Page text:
The massive disadvantage to printing them this way, other than the fact that if the head hits them too hard they could fall over, is that the grain of the print is essentially going across the part rather than along it, which means they are rather easy to snap in half, or in thirds, or quarters, especially if it doesn’t print properly in a couple of places… In addition to this, because I’d forgotten to switch off support generation, it printed support material inside the holes at the ends closest to the print bed, to support the end of the hole. Which proved almost impossible to remove. After much swearing and snapping two pieces, I had to print a couple of bits again, which I this time printed laying flat on the bed, with no supports, which gave a much nicer finish and a stronger part overall. I’m not going to reprint the rest of the rail as the remaining parts seem to be holding together pretty well.
I’ve learned quite a lot about what not to do and what to keep an eye on when modelling for 3D printing this week, and it also marks the point at which this project is going to be going on (certainly fabrication-wise) hold for the moment. – – Filament is at an all time low and I’ve got some other projects I’ve got to use it for, so I’m just going to concentrate on working out how I’m going to get the electronic functionality that I want and how I’m going to print the remainder of the rifle without using all the filament in the northern hemisphere.
When last we met, I’d just started printing a test print of the rifle handle to see whether it was the right size for my hand. As the rest of the rifle can be scaled universally, getting this piece the right size would impact the size of the rest of the model. Below are the results of that test print:
Even though the handle was pretty close, I feel it could be a tiny bit larger, so I’ve increased the size of the model by 3%. Doing a little measuring within Fusion 360, it turns out that when this entire thing is built it will be over 1.5 metres long! One thing I was impressed by was how smoothly the model printed – this was my first time using the Simplify3D slicer and it is very good indeed. I’ve also decided to print the trigger as a separate part for a few different reasons, the main one being that I want to be able to move it, and a secondary one being that the support tower wobbled while it was printing which led to a wobbly print.
After a couple of other tweaks to the model, I decided to start cutting things apart ready for printing. When something is 3D printed, the software adds support structures so the hot end doesn’t have to end up printing in thin air. While these supports are generally very good, they can leave little blips or marks on the model where they attach. With that in mind, I wanted to ensure that I could print as much of the rifle as possible without having to rely on supports. The part I started with was the calibration dials on the scope – this was a relatively straightforward object, but due to the orientation of some parts of it, I needed to break it apart to print it in a total of 8 separate pieces.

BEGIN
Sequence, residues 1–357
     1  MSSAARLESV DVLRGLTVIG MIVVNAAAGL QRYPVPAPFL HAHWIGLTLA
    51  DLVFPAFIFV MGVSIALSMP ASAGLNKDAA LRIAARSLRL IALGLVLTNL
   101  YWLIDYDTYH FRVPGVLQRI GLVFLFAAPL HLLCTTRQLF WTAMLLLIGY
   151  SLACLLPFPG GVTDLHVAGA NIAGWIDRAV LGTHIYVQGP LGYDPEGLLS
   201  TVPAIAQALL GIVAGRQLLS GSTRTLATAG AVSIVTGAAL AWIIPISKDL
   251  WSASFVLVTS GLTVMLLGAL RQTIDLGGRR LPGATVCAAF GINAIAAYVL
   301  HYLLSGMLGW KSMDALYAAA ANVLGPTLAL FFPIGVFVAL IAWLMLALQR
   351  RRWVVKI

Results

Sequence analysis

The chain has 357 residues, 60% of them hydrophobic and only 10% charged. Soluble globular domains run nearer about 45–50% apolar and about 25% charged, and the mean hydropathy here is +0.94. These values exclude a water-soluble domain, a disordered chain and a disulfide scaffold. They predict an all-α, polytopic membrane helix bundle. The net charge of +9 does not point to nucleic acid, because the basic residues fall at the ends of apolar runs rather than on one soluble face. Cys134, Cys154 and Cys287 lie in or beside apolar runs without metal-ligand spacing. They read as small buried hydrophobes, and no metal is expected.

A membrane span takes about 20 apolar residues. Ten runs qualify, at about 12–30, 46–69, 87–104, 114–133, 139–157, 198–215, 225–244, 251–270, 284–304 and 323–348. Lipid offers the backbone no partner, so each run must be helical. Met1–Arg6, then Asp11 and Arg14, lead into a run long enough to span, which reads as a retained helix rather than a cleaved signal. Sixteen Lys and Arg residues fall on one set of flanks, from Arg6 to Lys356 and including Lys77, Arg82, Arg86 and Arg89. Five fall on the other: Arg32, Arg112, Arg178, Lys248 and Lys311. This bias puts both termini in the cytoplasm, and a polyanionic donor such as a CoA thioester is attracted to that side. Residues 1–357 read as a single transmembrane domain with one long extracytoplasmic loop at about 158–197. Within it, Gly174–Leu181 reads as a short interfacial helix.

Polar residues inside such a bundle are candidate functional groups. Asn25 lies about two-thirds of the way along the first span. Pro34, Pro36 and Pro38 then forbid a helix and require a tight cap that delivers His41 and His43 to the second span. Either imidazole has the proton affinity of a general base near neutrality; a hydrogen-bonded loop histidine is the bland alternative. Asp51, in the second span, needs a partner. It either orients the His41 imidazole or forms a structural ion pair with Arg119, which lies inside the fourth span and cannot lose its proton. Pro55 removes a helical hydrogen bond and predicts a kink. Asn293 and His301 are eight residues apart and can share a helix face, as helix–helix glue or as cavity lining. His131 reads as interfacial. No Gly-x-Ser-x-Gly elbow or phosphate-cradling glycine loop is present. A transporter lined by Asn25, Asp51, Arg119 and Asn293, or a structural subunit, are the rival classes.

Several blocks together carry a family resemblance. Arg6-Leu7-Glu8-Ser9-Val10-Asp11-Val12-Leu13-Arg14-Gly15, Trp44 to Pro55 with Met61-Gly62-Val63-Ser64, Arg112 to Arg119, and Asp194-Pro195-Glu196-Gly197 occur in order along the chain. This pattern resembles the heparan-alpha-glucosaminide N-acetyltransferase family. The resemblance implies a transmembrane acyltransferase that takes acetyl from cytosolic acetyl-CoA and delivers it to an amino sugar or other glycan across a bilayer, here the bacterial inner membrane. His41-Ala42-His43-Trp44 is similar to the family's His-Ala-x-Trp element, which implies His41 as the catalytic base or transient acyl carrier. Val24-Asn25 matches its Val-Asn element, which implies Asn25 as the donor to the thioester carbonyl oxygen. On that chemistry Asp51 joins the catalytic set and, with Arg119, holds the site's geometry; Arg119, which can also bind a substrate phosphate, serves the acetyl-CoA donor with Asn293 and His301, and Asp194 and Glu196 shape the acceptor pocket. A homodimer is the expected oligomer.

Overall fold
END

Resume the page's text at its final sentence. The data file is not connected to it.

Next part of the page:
My aim was to have the dial parts the caps slide over the rod I’d added to their bases. The main body was split in two as it would have to encompass the body of the scope, which would be printed separately. Technically this worked, although I didn’t allow enough clearance around the rod on the side dial, so I had to snap that off to get the parts to fit. I didn’t bother to sand or finish this part as I was just testing whether I could get it to fit together properly. Here’s a couple of pictures of it all stuck together:
I’m going to adjust the model slightly to allow for more clearance on the side parts, as I’d like to be able to have the dials be able to be rotated if possible. I’ll also do all the sanding, filling and other finishing before I glued it together!
The next part I have printed is the sight. I wanted to be able to add a piece of clear acrylic with a design printed on it to the middle of the sight, so I had to cut the model up accordingly. Below are the final parts, which have been filled, sanded and filler primer-ed. They need to be sanded again and I may have to add some more filler in certain areas too. I cut the piece of acrylic from a small 3mm sheet that I picked up from Hobbycraft. The arrow indicates the top as it’s not quite square. I’ve press-fitted it together in these photos as I’ve still got quite a lot of finishing to do…
As some of you may know, I am rather a big fan of the Borderlands games, and I’ve long coveted the idea of making my own version of one of the sniper rifles from the game and now that I have a 3D printer, it seemed like as good a time as any.
Rather than go with something small and simply shaped, which would, you know, be sensible, I’ve gone for this: the Barking Volcano.
I chose this one for three reasons:
- It looks cool.
- It will give me a serious modelling challenge.
- My character already had it so I didn’t need to go looking for another rifle.
I took a bunch of screenshots to use as reference material and jumped into another complete unknown – Autodesk Fusion 360. Fusion 360 is a CAD/CAM package which operates somewhat differently from the 3D software that I’m used to. After watching a few tutorials online, I felt I was ready to jump in and start modelling. Using the side view of the rifle as a canvas, I started with the scope, and the stock and once those were done, moved on to the more complicated shape of the body and handle.
Overall the modelling took about 6-8 hours over a number of days, with quite a few false starts and no small amount of swearing. I’m pretty happy with the final result.
To make sure that I’d got everything scaled properly, I decided to do a test print of just the handle, as the size of the rifle depends on the size of the handle.